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Aug.12.2020View related content
 Helping Your Child Manage Panic Attacks

Helping Your Child Manage Panic Attacks

A panic attack can be scary for you and your child. If your child experiences panic attacks, it is important to seek help from your child's health care provider to figure out what is causing them, and what can be done to prevent them. Children can also have panic attacks during sleep.
Panic attacks are usually triggered by intense fear, which can come from many different things in children, including fear of school, being sick, nightmares, or being in certain social situations. Most panic attacks typically last 5–10 minutes.

How to recognize when your child is having a panic attack

Panic attacks can appear differently in each child, but some symptoms are common. During moments of a panic attack, your child may:
  • Feel like his or her heart is beating fast.
  • Become dizzy or faint.
  • Feel nauseous or vomit. He or she may also have diarrhea.
  • Tremble or shake.
  • Have numbness or tingling in his or her fingers and hands.
  • Feel like he or she cannot breathe, or is breathing very fast.
Other signs of a panic attack include:
  • Chest pain.
  • Sweating and chills.
  • A feeling of choking.
  • Feeling very hot (having hot flashes).
  • Fear of losing control.
  • Fear of dying.
  • Fear of going crazy.
  • Fear of having another panic attack.

What can I do to help my child manage panic attacks?

It is important to seek help from your child's health care provider to determine the cause of the panic attacks.
  • Think about getting therapy or counseling to help your child manage his or her fears.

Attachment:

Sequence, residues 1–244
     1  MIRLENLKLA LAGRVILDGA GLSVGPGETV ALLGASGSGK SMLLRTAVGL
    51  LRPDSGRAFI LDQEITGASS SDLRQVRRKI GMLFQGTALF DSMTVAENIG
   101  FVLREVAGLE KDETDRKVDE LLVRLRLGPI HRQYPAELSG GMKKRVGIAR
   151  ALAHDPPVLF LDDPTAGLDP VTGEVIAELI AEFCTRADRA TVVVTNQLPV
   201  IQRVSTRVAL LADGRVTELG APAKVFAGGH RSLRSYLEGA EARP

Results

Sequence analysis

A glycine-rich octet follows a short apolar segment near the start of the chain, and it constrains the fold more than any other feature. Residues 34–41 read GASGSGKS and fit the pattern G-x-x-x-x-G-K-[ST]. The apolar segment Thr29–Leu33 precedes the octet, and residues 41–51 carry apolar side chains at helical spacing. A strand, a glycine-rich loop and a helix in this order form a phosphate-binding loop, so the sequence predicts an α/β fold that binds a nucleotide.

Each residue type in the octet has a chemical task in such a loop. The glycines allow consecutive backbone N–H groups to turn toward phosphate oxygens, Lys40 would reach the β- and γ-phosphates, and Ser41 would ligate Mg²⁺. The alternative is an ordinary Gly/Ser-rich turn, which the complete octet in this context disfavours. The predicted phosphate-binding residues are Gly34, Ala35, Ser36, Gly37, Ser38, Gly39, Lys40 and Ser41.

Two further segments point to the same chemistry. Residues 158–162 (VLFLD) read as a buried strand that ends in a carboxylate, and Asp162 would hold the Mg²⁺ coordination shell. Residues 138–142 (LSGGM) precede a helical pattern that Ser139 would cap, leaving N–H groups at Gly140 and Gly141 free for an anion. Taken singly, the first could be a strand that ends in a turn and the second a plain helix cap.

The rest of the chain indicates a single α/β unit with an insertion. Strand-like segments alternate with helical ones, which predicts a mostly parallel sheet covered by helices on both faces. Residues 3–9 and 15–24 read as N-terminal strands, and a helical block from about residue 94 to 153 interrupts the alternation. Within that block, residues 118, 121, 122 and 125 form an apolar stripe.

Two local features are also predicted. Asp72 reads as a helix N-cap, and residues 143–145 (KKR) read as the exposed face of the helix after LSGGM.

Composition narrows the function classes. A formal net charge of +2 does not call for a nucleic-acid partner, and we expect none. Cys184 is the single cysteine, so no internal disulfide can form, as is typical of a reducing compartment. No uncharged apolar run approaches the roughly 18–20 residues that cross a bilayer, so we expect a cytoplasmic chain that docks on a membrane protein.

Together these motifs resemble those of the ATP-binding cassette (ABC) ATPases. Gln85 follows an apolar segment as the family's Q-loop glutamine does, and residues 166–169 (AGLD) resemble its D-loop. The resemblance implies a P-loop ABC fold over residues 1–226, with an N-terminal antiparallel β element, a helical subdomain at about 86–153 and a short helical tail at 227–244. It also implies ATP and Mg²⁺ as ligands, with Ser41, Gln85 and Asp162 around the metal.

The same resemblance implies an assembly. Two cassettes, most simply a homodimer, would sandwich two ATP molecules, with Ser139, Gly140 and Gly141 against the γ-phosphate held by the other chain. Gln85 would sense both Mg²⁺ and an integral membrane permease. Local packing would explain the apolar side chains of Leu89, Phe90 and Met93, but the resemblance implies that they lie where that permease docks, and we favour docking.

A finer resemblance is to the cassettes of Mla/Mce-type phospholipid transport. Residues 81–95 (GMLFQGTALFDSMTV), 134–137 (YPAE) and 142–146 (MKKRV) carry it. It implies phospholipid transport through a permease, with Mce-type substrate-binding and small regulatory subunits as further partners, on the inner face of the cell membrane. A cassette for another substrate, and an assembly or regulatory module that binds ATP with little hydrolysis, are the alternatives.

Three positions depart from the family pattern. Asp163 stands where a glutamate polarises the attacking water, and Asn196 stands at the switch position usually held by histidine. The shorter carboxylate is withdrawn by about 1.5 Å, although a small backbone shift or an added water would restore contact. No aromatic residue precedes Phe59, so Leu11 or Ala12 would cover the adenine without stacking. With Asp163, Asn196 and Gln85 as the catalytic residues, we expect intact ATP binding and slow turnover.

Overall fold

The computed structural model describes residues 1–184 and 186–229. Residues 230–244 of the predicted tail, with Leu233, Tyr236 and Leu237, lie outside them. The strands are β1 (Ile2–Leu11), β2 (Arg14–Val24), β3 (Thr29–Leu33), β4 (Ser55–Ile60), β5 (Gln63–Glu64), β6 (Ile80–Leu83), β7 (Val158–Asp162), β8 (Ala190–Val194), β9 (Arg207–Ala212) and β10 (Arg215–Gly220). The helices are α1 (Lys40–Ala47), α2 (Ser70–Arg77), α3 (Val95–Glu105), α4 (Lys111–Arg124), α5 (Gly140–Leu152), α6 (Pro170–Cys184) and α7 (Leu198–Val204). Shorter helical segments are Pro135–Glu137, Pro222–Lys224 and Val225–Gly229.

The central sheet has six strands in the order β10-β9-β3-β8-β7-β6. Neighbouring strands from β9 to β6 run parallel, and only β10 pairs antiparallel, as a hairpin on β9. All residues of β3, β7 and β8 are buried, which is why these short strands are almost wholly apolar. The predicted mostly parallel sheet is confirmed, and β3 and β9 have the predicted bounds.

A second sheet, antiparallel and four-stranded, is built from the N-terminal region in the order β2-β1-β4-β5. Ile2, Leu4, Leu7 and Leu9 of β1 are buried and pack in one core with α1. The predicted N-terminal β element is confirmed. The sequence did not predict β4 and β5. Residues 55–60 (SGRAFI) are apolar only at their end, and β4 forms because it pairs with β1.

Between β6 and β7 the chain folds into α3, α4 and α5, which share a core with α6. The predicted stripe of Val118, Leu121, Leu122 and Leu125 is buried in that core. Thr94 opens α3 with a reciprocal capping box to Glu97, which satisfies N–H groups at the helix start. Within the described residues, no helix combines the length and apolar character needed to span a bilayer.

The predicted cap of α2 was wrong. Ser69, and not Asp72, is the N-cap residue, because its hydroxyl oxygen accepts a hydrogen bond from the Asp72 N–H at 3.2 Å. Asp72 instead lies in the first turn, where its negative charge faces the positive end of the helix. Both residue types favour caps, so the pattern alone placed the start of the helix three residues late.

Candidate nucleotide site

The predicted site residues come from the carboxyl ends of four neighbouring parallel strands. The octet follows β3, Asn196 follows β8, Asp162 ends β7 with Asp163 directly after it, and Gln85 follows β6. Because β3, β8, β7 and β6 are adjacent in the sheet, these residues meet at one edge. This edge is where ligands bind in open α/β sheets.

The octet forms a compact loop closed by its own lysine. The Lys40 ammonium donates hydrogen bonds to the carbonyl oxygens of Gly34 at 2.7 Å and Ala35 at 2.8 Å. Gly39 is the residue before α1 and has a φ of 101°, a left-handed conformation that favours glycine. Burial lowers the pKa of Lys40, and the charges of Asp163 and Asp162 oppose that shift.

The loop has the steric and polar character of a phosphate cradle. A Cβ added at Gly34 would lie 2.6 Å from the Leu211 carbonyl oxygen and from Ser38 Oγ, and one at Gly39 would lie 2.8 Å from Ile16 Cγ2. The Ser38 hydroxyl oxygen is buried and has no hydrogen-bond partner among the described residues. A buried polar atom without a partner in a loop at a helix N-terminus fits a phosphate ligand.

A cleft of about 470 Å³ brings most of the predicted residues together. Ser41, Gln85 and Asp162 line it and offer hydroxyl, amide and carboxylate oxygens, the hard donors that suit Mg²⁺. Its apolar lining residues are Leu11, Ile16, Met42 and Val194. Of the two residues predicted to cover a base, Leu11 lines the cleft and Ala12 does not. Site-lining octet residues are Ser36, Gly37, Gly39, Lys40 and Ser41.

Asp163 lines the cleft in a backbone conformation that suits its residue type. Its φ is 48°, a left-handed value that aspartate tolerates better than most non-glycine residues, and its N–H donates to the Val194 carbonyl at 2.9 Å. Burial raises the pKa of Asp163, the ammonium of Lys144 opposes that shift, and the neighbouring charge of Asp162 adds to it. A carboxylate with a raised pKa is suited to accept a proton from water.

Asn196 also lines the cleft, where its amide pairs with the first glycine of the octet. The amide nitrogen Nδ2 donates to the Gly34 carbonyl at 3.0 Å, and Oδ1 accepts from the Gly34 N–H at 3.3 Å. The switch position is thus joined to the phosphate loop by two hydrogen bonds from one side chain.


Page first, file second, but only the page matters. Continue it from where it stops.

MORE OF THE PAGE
• Talk with your health care provider about medicines to stop or prevent panic attacks.
In general, if your child is having a panic attack, you may comfort and help him or her by:
  • Teaching him or her about panic attacks and helping him or her to understand that a panic attack is a "false alarm."
  • Identifying things that distract from his or her fears, and helping him or her to focus on those things when a panic attack strikes. These may include:
    • Using electronic devices.
    • Listening to music.
    • Playing a game.
    • Talking about something that your child enjoys.
    • Changing to a new activity, such as exercising, eating, or bathing.
  • Assuring him or her that you understand his or her feelings, and offering to help him or her to get through it. Do not say or do anything that may make your child feel bad about his or her reaction. Remind your child that the panic attack will end, and that he or she will feel better soon.

Where to find support

  • Your child's pediatrician or health care provider can recommend resources and child mental health counselors who can support you and your child.
  • Your child's teachers and school counselors can also provide ideas to help your child manage panic attacks.

Where to find more information

  • Local organizations that offer resources about panic attacks.
  • Trusted sources online.
  • Mental health organizations, such as:

Contact a health care provider if:

  • Your child's panic attacks are causing him or her to miss school or avoid interacting with friends and family.

Get help right away if:

  • Your child stops breathing or faints (loses consciousness) during a panic attack.
This symptom may represent a serious problem that is an emergency. Do not wait to see if the symptoms will go away. Get medical help right away. Call your local emergency services (911 in the U.S.).

Summary

  • Panic attacks are usually triggered by intense fear, and they usually last 5–10 minutes.
  • Seek help from your child's health care provider to determine the cause of the panic attacks and learn ways to treat them.
  • Teach your child that a panic attack is a "false alarm," help to find an activity to shift attention away from fear, and say that the attack will end soon.

This information is not intended to replace advice given to you by your health care provider. Make sure you discuss any questions you have with your health care provider.